Among individuals with chronic obstructive pulmonary disease (COPD), depression is one of the most common yet underrecognized and undertreated comorbidities. Although depression has been associated with reduced adherence to maintenance medications used in other conditions, such as diabetes, little research has assessed the role of depression in COPD medication use and adherence.Objectives:
The objective of this study was to assess the impact of depression on COPD maintenance medication adherence among a nationally representative sample of Medicare beneficiaries newly diagnosed with COPD.Methods:
We used a 5% random sample of Medicare administrative claims data to identify beneficiaries diagnosed with COPD between 2006 and 2010. We included beneficiaries with 2 years of continuous Medicare Parts A, B, and D coverage and at least two prescription fills for COPD maintenance medications after COPD diagnosis. We searched for prescription fills for inhaled corticosteroids, long-acting β-agonists, and long-acting anticholinergics and calculated adherence starting at the first fill. We modeled adherence to COPD maintenance medications as a function of new episodes of depression, using generalized estimated equations.Measurements and Main Results:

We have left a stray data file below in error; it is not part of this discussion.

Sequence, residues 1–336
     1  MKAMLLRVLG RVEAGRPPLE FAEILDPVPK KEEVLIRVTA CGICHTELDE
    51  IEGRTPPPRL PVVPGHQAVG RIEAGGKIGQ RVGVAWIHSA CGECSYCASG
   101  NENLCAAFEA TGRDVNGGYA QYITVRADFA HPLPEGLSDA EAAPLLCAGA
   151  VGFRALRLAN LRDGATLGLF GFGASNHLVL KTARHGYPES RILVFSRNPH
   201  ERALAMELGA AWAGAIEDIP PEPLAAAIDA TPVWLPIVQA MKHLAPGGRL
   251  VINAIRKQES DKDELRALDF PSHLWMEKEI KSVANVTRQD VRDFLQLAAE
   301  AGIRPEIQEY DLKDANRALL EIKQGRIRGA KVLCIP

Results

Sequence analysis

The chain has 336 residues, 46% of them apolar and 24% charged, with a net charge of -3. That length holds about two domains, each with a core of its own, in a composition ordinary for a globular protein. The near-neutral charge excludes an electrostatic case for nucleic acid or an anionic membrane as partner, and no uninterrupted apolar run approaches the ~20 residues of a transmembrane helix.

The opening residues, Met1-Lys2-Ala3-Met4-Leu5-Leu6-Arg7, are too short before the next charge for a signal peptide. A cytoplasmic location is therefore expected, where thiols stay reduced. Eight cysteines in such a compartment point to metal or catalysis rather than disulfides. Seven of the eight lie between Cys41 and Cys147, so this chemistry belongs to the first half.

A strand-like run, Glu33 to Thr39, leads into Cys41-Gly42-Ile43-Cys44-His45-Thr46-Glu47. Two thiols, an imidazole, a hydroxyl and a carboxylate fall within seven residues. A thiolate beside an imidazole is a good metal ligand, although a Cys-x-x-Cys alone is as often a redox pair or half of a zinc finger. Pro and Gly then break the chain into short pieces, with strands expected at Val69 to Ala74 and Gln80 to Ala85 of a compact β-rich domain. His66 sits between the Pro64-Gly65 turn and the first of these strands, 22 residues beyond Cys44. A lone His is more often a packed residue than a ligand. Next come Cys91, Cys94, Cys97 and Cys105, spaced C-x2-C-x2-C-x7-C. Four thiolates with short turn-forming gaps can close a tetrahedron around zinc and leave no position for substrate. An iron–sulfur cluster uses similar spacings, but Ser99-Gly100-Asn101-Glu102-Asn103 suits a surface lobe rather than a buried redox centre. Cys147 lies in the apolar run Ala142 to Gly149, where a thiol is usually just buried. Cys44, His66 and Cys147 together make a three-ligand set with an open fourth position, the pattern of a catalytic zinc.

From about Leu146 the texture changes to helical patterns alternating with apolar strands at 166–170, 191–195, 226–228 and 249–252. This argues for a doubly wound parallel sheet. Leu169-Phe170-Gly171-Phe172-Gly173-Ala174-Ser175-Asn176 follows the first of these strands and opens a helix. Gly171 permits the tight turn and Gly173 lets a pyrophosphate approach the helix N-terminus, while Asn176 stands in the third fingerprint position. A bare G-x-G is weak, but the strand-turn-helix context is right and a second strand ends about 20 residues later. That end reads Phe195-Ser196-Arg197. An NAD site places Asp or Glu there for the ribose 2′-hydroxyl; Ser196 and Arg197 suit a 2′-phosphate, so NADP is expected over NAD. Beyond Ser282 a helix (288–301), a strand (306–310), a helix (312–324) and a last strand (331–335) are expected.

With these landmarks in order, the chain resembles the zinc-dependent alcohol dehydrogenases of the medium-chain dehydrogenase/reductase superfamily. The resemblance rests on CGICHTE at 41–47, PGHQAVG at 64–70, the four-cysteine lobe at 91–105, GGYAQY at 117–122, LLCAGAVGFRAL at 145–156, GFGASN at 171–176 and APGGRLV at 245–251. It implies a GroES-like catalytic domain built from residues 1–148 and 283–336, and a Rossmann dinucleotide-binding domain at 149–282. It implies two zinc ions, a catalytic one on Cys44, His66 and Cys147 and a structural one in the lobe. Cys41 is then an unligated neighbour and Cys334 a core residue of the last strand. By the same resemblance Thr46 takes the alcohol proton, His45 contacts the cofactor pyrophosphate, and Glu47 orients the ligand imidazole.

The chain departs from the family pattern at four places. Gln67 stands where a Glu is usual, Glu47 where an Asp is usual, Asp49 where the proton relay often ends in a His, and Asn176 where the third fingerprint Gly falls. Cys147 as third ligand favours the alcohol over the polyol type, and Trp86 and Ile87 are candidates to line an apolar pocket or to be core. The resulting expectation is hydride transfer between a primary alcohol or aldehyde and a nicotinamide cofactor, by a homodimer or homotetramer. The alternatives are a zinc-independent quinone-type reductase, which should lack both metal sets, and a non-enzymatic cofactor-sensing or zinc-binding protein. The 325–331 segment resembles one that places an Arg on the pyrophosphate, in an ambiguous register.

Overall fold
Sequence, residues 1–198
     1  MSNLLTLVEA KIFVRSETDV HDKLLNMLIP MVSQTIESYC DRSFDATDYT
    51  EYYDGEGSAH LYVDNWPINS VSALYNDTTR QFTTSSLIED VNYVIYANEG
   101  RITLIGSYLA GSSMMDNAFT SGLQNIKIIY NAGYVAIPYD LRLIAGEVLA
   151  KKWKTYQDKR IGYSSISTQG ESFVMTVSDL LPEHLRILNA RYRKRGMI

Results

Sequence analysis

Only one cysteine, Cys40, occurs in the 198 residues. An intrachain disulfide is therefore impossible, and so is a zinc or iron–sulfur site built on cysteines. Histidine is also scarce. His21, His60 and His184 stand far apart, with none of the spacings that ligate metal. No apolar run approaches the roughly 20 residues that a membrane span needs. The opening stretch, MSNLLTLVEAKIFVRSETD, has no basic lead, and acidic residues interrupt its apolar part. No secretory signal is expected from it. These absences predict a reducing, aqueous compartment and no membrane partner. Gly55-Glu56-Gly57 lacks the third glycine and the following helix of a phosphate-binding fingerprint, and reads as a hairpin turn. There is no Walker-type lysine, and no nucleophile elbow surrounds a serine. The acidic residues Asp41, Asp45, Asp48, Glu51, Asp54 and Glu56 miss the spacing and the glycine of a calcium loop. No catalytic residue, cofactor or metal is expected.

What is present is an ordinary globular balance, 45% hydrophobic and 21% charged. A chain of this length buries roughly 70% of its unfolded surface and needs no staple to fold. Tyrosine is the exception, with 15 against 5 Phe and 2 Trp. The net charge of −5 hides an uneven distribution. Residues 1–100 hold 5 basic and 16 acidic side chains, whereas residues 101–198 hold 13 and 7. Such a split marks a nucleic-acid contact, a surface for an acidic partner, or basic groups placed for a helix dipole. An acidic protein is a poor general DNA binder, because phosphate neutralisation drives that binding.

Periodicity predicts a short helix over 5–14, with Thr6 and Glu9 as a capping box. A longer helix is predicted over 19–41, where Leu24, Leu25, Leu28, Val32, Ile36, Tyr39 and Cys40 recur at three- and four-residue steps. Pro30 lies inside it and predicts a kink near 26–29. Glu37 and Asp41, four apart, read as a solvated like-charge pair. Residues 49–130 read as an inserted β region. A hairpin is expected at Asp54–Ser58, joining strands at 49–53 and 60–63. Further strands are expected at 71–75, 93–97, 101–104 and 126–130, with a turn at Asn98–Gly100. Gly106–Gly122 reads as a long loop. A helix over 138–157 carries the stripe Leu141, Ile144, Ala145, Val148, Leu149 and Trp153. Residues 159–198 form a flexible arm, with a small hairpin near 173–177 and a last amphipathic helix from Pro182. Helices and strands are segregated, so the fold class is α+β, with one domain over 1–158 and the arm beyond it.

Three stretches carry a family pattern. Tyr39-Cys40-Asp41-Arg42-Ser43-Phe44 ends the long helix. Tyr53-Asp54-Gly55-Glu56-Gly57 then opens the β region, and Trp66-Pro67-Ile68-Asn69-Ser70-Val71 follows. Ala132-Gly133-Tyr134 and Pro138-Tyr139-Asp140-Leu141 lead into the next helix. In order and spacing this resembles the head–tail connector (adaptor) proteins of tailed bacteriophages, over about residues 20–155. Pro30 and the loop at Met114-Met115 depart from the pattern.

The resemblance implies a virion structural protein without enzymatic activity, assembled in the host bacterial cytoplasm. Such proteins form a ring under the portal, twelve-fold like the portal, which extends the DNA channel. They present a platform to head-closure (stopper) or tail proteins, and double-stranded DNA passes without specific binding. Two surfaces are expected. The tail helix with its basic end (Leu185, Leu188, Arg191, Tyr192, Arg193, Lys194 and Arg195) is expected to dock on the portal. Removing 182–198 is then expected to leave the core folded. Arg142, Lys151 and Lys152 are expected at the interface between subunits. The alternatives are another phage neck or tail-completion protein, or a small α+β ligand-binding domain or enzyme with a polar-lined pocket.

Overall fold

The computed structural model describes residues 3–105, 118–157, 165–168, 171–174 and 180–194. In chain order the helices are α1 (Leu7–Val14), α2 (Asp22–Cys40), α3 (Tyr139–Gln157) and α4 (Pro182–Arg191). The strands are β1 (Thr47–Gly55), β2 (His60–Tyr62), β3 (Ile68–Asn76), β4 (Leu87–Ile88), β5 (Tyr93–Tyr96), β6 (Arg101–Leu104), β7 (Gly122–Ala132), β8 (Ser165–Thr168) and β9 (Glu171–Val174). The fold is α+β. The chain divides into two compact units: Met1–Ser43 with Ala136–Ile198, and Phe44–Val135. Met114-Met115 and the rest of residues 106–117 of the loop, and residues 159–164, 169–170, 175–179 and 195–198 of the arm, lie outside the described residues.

Our primary outcome was adherence to COPD maintenance medications, measured as proportion of days covered. The exposure measure was depression. Both COPD and depression were assessed using diagnostic codes in Part A and B data. Covariates included sociodemographics, as well as clinical markers, including comorbidities, COPD severity, and depression severity. Of 31,033 beneficiaries meeting inclusion criteria, 6,227 (20%) were diagnosed with depression after COPD diagnosis. Average monthly adherence to COPD maintenance medications was low, peaking at 57% in the month after first fill and decreasing to 35% within 6 months. In our adjusted regression model, depression was associated with decreased adherence to COPD maintenance medications (odds ratio, 0.93; 95% confidence interval, 0.89-0.98).Conclusions:
New episodes of depression decreased adherence to maintenance medications used to manage COPD among older adults. Clinicians who treat older adults with COPD should be aware of the development of depression, especially during the first 6 months after COPD diagnosis, and monitor patients' adherence to prescribed COPD medications to ensure best clinical outcomes.